| Quote #4
But surely it would have been a pity
Now the list of delightful things grows. The speaker would have been sad to miss out on the beautiful trees and their strange gestures. She's starting to think about all of the things she would have missed out on if she stayed at home, and maybe it's all those little things that are reason enough to get up off your couch and go get a stamp in your passport.
| Quote #5
—Yes, a pity not to have pondered,
Here the speaker thinks back on the mismatched tones of the clogs and the ornate birdcage. They're not just beautiful and delightful. These things inspire her to think about some pretty deep stuff. When you travel, you get to make surprising connections between things. New experiences allow you to connect clogs and birdcages, and who knows what else. Maybe that's the real reason we take to the open road.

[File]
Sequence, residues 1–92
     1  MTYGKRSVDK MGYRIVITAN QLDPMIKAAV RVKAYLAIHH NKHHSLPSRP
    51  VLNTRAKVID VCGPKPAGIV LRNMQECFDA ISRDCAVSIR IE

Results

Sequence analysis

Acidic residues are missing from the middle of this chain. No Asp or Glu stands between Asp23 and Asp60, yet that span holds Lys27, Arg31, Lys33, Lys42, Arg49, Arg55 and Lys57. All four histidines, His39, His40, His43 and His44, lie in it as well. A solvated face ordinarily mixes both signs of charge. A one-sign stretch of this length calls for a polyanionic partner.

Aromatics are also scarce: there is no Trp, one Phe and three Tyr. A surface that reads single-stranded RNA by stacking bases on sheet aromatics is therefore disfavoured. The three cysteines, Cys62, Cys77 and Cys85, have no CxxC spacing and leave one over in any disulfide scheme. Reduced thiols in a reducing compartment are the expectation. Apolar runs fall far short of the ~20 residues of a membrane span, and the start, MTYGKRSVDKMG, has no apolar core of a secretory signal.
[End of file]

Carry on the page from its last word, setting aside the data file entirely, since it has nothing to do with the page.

| Quote #6
"Is it lack of imagination that makes us come
Continent, city, country, society:
Despite the fact that she's listed a whole lot of good things to come from her world exploration, the conclusion of the poem is still up in the air. (Though, to understand why we hypothesize that the poem ends on a pro-travel note, check out what we've got to say in "Summary".) Bishop refuses to give us any easy answers to her questions about world travel. Foiled again!